[alsa-devel] [PATCH] ASoC drivers for the Freescale MPC8610 SoC

Jon Smirl jonsmirl at gmail.com
Wed Jan 2 16:56:47 CET 2008

On 1/2/08, Timur Tabi <timur at freescale.com> wrote:
> Are you saying that you want to use the same kernel on four different
> systems?  If so, then you need to find a way to compile all fabric
> drivers together, and at boot time each fabric driver will decide
> whether it will do anything.

Yes, I have four different but similar systems. They only differer in
the codec chips used. I want to make a single kernel image and then
use the device tree to dynamically load the correct codec driver from
initrd. That will let me ship a single kernel image that services all
four machines. The codecs implement different sound systems from low
end to high end.

The correct solution for this is to use kernel modules and trigger
their loading based on the device tree. This is the same mechanism
used by USB and PCI.

For this model to work you need to split your driver. fsl-ssi and
mpc8610_hpcd need to be in  two separate drivers. fsl-ssi  is easy
enough to load since it has a device tree entry.

mpc8610_hpcd is the harder one to load since it doesn't have a device
tree entry. What you want to do it match on the compatible field of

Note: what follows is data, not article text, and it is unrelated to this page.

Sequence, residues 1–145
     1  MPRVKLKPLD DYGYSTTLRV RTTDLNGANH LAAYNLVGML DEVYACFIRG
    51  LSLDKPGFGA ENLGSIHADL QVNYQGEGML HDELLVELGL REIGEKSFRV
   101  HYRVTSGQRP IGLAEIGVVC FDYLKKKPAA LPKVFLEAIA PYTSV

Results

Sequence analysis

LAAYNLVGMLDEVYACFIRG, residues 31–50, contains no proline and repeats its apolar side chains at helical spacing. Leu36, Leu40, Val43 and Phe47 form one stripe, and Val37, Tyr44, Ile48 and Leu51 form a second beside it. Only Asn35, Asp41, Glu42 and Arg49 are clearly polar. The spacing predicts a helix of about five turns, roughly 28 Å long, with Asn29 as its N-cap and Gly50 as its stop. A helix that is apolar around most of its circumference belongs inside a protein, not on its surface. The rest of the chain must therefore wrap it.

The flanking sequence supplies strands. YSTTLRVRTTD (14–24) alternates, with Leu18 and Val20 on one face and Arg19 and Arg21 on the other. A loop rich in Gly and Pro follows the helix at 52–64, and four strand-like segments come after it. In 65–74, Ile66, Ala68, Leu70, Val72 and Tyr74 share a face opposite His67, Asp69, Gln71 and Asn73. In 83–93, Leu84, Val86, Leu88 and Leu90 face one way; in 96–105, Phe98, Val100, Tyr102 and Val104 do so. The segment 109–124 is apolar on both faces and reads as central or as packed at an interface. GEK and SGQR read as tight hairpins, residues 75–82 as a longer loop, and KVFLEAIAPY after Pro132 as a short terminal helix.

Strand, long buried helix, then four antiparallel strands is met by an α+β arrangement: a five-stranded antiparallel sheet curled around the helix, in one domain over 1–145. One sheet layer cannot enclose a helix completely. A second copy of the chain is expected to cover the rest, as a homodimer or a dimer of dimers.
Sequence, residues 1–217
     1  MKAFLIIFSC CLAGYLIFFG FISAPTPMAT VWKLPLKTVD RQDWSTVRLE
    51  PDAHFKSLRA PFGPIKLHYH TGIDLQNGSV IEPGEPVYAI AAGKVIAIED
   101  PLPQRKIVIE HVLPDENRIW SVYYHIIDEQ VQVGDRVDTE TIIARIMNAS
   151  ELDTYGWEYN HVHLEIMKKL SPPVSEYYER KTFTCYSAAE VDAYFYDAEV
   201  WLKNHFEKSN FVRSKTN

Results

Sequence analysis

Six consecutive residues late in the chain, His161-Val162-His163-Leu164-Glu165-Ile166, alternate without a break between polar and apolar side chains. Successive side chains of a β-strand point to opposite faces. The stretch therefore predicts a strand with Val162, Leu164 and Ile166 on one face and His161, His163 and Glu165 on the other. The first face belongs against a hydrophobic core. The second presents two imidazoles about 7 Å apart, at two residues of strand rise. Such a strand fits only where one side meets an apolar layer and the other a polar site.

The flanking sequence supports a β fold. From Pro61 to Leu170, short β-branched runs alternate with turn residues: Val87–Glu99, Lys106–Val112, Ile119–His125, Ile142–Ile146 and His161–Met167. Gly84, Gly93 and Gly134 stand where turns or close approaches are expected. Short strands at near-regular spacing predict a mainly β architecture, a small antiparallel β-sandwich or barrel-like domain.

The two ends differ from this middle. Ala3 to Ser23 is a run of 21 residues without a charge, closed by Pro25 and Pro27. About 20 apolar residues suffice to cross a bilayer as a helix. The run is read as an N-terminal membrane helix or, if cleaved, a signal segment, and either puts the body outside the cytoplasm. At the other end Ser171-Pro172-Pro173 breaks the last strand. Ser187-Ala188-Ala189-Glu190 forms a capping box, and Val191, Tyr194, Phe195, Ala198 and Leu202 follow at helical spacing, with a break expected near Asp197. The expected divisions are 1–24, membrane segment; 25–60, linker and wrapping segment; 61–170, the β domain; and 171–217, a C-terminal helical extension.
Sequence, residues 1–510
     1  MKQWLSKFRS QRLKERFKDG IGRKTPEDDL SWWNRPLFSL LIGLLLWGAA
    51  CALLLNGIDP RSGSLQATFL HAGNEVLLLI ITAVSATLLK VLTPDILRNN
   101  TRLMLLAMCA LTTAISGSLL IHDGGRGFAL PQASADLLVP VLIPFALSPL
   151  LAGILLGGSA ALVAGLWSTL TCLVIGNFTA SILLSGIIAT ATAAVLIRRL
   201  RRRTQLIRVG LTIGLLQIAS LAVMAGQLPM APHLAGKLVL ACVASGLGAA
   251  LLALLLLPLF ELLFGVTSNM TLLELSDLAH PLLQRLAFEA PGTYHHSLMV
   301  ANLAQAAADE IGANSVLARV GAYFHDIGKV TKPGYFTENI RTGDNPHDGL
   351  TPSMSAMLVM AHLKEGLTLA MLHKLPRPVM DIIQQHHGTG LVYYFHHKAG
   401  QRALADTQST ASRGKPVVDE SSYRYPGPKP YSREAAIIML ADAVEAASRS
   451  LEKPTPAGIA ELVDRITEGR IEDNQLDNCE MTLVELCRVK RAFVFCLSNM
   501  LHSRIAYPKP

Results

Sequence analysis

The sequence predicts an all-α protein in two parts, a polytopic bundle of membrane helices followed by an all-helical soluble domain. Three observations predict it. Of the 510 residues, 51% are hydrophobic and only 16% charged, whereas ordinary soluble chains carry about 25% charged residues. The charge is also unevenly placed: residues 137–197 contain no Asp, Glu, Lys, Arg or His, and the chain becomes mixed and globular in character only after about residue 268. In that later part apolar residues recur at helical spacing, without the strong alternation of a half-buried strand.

the root node.

static struct of_device_id fabric_of_match[] = {
		.compatible	= "fsl,MPC8610HPCD",

But this doesn't work since the root is the device tree isn't passed
down into the device probe code. (Could this be fixed?)

Instead we could make the separated mpc8610_hpcd fabric driver attach
to fsl,ssi.

static struct of_device_id fabric_of_match[] = {
		.compatible	= "fsl,ssi",

Then in it's probe code check for the right platform.

unsigned long node = of_get_flat_dt_root();
if (!of_flat_dt_is_compatible(node, "fsl,MPC8610HPCD"))
	return 0;
.. activate the code ...

You also need a static flag to make sure you don't active the driver
more than once.

This isn't the best solution since my four fabric drivers will still
load and check what platform they are on before exiting but at least
it works.

Jon Smirl
jonsmirl at gmail.com

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